In responding to a question about how to convince a daughter to believe in the UMC, the bishop said, “Behavior is the only way to market ourselves to a younger generation . . . somewhere we stopped talking about our theology of grace and started to talk about structure and rules.”
“We need to be walking with them on the city streets, offering a theology of grace in the most unlikely of places,” Bickerton added.
Another question raised the issue of what would happen to UMCOR if the church should splinter.
“I think we’ll see support for global missions drop,” Bickerton said, noting that some churches had already threatened to pull their money if the vote went in a direction they didn’t like.
“We need to get the word schism out of our system,” said the bishop who is the president of the UMCOR board of directors. “We need to be in conversations focused on what expressions of United Methodism need to take place . . . what makes Methodism Methodist is mission.”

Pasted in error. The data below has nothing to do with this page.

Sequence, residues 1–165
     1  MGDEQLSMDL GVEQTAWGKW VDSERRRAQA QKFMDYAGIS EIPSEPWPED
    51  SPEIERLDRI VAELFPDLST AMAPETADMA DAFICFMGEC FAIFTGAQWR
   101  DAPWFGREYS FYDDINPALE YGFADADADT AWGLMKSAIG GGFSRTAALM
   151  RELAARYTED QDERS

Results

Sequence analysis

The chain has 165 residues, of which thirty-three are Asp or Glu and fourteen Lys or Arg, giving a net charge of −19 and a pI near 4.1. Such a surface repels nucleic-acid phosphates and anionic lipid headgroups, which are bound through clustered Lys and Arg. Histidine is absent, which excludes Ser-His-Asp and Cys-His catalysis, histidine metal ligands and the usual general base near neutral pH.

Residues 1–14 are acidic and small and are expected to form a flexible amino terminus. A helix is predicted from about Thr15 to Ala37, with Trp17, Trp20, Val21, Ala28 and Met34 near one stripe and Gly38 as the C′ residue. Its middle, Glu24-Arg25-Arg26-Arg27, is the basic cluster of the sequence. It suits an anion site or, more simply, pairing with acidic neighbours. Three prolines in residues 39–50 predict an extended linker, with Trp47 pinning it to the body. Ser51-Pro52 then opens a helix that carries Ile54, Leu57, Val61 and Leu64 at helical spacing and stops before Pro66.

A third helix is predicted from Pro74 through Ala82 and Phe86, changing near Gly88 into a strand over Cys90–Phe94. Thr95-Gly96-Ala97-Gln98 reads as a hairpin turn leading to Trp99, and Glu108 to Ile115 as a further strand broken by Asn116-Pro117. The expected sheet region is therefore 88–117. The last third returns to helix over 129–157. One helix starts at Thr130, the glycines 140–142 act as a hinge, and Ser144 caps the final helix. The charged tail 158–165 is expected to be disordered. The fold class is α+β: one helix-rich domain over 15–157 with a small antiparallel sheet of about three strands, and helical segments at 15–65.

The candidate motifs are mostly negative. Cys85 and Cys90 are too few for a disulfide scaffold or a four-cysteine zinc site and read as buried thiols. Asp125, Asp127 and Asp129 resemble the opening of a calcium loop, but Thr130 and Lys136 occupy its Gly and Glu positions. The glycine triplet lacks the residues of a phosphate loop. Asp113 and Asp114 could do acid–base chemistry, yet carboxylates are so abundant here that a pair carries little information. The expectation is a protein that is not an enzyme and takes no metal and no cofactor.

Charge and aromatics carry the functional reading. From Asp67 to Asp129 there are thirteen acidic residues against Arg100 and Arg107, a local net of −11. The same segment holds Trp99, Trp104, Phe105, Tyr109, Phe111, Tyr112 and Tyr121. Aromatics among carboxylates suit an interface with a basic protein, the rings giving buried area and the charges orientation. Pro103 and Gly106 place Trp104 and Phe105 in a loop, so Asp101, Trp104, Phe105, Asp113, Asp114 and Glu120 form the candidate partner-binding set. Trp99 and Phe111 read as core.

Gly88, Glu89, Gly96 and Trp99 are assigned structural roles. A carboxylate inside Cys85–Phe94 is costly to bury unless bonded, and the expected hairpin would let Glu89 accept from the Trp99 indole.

When asked if the annual conference could withdraw from the denomination, he noted that individual churches are able do that.
“I guess if all the churches in the annual conference decide to withdraw, I guess that could happen,” Bickerton said, adding that he worries about the sustainability of the NYAC with 138 of its 430 churches worshiping less than 25 people each week. “As we think about what to do next, we need to frame conversations with other conferences who want to do similar things.”
He said he believes that the discussion needs to move to a higher place of grace and integrity.
“We need to change how we’re doing it, and not inflict hurt with hurt,” the bishop said. “I don’t know that we can stay together, but I don’t want any victims lying on the side of the road.”
The day came to a close with a time of prayer and healing. Anointing stations were set up throughout the lobby as the congregation departed.
A closing prayer based on the Wesleyan Covenant Prayer, said in part:
Open the church to the fresh breezes of your Spirit,
Baptize your church afresh with the rushing waters of your Spirit,
Renew, revive, renovate, revitalize your church,
Blessed God, Creator, Redeemer, and Sustainer. Amen.